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Editor's Notes

Charles Hefling

Authority--where it lies, who exercises it, and how it is to be exercised--has always generated theological questions. Because they are questions with a practical bearing, however "theoretical" they become, the Christian church has had to deal with them over and over. The Windsor Report, to which the last issue of this journal was devoted, is a case in point. If it does nothing else, the Report shows clearly how new situations call for new investigation of perennial issues. One of the Report's most notable pronouncements is to the effect that it will not do to invoke the authority of the Holy Spirit as an all-purpose trump card. Yet neither will it do to discount the Spirit's work in the the church's working-out of its concrete difficulties. How, then, shall Christians arrive at an authoritative understanding of how the authority of the Spirit is to be discerned? Such is the problematic that Nicholas Healy explores in the address with which this issue opens. Speaking as a Roman Catholic, at a university with deep Anglican roots, Healy brings an illuminating perspective to issues that will not grow less pressing in any foreseeable future.

The idea that the authoritative formulas which articulate the Anglicanness of Anglicanism are not doctrinal but liturgical has been an Anglican commonplace for some time now. As with much conventional wisdom, there is more that needs to be said, but certainly the meaning embodied in the practice of "common prayer" has played and continues to play a central role in defining Anglican identity. In this regard it is interesting to note that the Episcopal Church's "new" Prayer Book is now one of the oldest revisions in the Anglican Communion. Since it came into use thirty years ago, rites of initiation, especially, have been subject to further consideration, with the result that a very old question--the nature and purpose of confirmation--has reappeared in a new context. Two of the essays in this issue, written by Kathryn Tanner and Joe Burnett, were contributions to discussion of this question in the Theology Committee of the Episcopal Church's House of Bishops. The ATR is grateful to the Committee's chair, Bishop Henry Parsley, for making it possible to bring them to a wider audience.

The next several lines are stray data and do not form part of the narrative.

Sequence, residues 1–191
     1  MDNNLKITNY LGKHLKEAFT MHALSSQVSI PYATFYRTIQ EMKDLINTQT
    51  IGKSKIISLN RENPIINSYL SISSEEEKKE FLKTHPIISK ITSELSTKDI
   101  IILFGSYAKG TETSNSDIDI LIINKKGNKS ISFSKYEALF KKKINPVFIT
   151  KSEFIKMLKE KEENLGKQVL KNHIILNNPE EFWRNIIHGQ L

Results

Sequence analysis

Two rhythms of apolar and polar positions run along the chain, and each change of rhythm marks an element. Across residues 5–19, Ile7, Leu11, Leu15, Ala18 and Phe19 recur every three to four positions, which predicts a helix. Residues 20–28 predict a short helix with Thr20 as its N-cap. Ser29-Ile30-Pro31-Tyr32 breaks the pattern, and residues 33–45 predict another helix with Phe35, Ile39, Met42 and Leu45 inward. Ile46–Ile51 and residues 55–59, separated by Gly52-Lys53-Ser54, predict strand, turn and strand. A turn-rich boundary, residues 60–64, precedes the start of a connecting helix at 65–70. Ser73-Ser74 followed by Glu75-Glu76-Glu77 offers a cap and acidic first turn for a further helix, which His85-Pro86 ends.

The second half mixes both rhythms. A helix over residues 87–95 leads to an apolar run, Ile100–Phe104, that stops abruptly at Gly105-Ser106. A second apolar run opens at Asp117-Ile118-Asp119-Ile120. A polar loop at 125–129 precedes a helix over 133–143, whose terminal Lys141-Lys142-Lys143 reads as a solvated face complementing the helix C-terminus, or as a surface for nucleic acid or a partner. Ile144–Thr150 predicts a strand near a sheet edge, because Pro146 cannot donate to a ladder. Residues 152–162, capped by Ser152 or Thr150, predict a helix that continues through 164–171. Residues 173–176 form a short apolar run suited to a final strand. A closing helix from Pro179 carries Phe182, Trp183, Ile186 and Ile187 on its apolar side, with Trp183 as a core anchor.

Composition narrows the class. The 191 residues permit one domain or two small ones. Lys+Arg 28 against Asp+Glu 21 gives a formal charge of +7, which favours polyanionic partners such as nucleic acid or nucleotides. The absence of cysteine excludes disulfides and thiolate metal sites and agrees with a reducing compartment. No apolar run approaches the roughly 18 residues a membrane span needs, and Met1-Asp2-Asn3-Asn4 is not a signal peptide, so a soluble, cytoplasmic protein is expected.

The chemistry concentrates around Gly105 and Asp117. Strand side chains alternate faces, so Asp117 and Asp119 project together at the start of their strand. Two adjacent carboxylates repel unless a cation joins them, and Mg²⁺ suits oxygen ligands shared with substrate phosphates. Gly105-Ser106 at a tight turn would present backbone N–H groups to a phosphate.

It is a pleasure to welcome back to these pages Douglas Burton-Christie, whose explorations of spirituality have been received with enthusiasm by readers of this journal. Here his theme is solitude in the most serious sense: a solitude, as he puts it, "not rooted in fear or a desire to flee from the challenges of relationship, but rather arising from a desire to face oneself honestly, to be remade in the image of God, and to arrive at a deeper sense of how to live in authentic relationship with others." As Burton-Christie develops his theme with reference to Thomas Merton, so David Hein treats faith and doubt with reference to an important theological voice--in this case, a "voice from the edge," rather than from the "orthodox" center. The voice is Rose Macaulay's, speaking through the medium of The Towers of Trebizond. This remarkable novel, partly autobiographical, partly travelogue, comic and tragic by turns, is in Hein's words "an estimable piece of spiritual literature not least because it is a strong protest against making an absolute of our faith or our spirituality."


Prediction is hazardous, but it seems not unlikely that if, a dozen years from now, a historian surveys the first hundred volumes of the ATR, the beginning of the twenty-first century will appear to have been a time of transition. As editor for the last four years, it has been my privilege to take a hand in effecting some of what that transition has involved. Not everything that might have happened did, and not everything that did happen happened as it might have done. But now that the time has come to pass the joys and frustrations of editorship on to a successor, I am hopeful that this uniquely valuable ministry can go from strength to strength.

My successor, Ellen Wondra, Professor of Theology and Ethics at Seabury-Western Theological Seminary, is in every way most excellently qualified to take on the duties she has assumed. She will have the support of a devoted corporation and--what has been the chief blessing of my tenure--of an indefatigable managing editor, Jacqueline Winter, whose behind-the-scenes efforts on the journal's behalf are the foundation everything else rests on.

At the annual meeting in October the assembled staff and institutional representatives graciously presented me with an expression of thanks. It should have been the other way around. I am grateful to have had the opportunity to take part in the ongoing enterprise of the ATR, and pray that as it enters its next phase of service to the life of the church it will continue to be the blessing it has been.

 
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